He begins with a brief overview of properties, and how they are used and misused by Java developers. From there, he builds a case for a "configuration language" with the following four elements:

    • Structure: A producer/consumer agreement on how to pass configuration information back and forth. An optional type system allows some validation of the information.

    • Lookup: A way to query configuration information when needed.

    • Scope: Configuration information binds to specific code and data.

    • Metadata: Metadata associated with the configuration information should be exposed in a standard format. This can be exploited by tool builders and automated configuration tasks.

    In other words, any well defined, generally applicable configuration model will incorporate all four elements.

    He proceeds to examine JNDI, RMI, and Java Security configurations in light of these four elements. He finds all three Java technologies lacking. In terms of structure, each has its own way of passing information back and forth. For instance, multi-valued properties are delimited differently under each. Furthermore, they all have different lookup rules and limited success in addressing scope. In fact, the only agreement among the three is their total lack of support for metadata.

    Halloway then looks to XML as an answer. He believes the basic elements of the configuration language can be found in the J2EE Web Application configuration XML. Not only does it have a well defined structure, but it possess unambiguous lookup rules, and is capable of specifying scope. The biggest flaw Halloway finds with the model is that it is not generic. It works well for its purpose, but is too domain-specific to meets the needs of a general configuration language.

    The series ends with Halloway's first cut of a design for what he calls a configuration interface. He presents five objectives that he feels will move us towards a better configuration language.

    • Generalize the Preferences API's notion of scope to hook in arbitrary providers.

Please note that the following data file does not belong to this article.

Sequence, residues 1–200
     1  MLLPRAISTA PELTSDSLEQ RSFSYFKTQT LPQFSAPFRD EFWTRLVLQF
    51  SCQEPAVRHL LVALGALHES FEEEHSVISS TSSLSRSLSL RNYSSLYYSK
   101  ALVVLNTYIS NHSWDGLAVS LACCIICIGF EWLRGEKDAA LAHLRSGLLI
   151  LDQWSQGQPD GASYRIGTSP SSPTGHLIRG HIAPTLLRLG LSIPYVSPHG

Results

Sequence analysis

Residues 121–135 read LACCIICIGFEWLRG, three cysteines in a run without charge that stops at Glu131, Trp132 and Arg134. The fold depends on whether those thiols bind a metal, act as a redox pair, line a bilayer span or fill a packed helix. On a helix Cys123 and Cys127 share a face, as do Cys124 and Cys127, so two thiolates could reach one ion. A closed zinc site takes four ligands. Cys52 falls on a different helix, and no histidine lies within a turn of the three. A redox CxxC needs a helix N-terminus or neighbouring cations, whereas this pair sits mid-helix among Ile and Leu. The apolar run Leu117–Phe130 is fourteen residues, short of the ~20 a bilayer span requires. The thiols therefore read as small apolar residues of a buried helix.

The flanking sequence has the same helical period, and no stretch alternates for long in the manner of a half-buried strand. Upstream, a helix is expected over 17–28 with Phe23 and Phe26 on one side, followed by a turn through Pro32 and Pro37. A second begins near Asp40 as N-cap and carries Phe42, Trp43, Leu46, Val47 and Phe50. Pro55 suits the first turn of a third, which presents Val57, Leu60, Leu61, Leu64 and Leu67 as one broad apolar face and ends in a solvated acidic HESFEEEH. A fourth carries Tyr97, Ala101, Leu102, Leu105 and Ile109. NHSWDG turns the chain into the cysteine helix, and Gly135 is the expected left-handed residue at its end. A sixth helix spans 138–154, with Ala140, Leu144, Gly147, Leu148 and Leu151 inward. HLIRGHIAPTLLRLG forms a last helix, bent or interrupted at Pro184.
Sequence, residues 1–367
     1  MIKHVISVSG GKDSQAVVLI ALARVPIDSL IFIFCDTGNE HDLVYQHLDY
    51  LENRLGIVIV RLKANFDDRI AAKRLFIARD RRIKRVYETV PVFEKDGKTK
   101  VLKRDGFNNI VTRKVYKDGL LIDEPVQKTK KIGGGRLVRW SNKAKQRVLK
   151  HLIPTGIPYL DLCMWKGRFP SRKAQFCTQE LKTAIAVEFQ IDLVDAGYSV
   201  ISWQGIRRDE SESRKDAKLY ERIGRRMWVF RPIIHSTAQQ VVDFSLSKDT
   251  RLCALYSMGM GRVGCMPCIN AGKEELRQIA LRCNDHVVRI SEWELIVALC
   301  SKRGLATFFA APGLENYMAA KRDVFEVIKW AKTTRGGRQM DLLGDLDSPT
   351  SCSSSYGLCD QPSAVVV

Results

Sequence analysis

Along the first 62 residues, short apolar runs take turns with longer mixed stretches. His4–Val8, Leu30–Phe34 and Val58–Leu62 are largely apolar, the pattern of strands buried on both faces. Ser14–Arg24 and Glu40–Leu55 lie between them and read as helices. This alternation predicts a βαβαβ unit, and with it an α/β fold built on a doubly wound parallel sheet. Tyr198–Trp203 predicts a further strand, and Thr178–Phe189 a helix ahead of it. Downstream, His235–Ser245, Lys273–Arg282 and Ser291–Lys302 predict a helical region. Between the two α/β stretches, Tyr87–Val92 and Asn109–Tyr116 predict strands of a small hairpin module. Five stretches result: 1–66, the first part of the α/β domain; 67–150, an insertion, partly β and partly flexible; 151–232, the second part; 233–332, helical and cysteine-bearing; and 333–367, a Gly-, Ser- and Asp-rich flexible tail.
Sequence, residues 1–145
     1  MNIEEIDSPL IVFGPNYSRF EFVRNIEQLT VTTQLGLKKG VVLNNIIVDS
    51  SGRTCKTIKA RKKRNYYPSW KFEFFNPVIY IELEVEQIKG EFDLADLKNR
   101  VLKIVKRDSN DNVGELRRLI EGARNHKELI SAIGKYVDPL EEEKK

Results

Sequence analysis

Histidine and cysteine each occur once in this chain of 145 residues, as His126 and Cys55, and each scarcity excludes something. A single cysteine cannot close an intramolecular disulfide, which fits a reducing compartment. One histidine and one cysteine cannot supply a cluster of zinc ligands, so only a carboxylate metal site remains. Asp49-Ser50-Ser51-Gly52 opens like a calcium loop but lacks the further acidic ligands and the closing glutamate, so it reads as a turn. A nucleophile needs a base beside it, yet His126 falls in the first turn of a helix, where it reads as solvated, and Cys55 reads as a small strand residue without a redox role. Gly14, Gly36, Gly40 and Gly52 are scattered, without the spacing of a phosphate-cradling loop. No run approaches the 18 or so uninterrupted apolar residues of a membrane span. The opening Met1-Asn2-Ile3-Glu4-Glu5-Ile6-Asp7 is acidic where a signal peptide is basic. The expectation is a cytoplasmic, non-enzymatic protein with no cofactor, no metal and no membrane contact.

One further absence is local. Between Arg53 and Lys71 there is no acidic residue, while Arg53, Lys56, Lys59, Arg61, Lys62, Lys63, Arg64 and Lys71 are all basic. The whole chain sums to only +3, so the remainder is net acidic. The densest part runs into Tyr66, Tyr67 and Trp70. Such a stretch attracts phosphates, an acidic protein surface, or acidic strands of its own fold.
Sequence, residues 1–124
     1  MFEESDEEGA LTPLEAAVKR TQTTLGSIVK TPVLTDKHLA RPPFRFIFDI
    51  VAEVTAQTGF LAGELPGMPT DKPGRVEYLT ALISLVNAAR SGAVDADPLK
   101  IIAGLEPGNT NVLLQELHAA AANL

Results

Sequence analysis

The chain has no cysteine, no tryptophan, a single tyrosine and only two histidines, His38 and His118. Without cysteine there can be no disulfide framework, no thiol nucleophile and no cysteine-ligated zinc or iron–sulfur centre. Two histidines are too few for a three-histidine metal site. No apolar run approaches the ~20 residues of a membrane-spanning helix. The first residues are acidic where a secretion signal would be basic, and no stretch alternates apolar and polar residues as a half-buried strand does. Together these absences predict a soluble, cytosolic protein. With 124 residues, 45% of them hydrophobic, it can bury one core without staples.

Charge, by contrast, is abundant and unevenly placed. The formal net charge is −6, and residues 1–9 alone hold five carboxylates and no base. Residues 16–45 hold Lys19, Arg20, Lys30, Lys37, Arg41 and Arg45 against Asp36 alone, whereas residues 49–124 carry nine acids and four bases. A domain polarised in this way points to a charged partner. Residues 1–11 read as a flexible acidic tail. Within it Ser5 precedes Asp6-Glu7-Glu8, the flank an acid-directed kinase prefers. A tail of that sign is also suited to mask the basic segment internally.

• Make XML a first-class citizen in the Preferences API.
    • Explicitly permit some backing stores to be read-only.
    • Add metadata support to the Preferences API.
    • Provide an auditing mechanism to track where configuration information comes from.

    The generalization of the Preferences API to support arbitrary providers is an important feature. Not too long ago, I was peripherally involved in a project where the developers needed to unify several legacy configurations. These configurations were persisted in a hodge-podge of backing stores including properties files, XML documents, and even database tables. The developers successfully completed the project by migrating all existing backing stores into one, and creating a single administration console. However, this only worked because the developers owned the legacy configurations, and were able to migrate them into one shared source. Arbitrary providers for the Preferences API would allowed developers to leave third-party backing stores in place, and write wrappers to plug them into a single administration console.

    As for making XML a first-class citizen, thePreferences class currently supports the import and export of configuration information as XML. Halloway would like to extend this by granting direct access to the underlying data as an XML document. In other words, Preferences should allow the developer to get and set an XML document.

    Metadata support is perhaps the most interesting feature in Halloway's design. Configurations need to be able to enumerate their properties and operations. Tools, such as an administration console, could query a configuration, and display its properties and make use of its operations, much like an IDE uses reflection to probe a class to built lists of methods and parameters.

    Third Time's a Charm

    Much of what Halloway calls for already exists in Java Management Extensions (JMX). JMX is the third alternative to building configurations in Java. It is also the third attempt by Sun to create a more robust and scalable configuration management system than what is found in either the Properties orPreferences classes. The two earlier attempts were Java Management API (JMAPI) and Java Dynamic Management Kit (JDMK).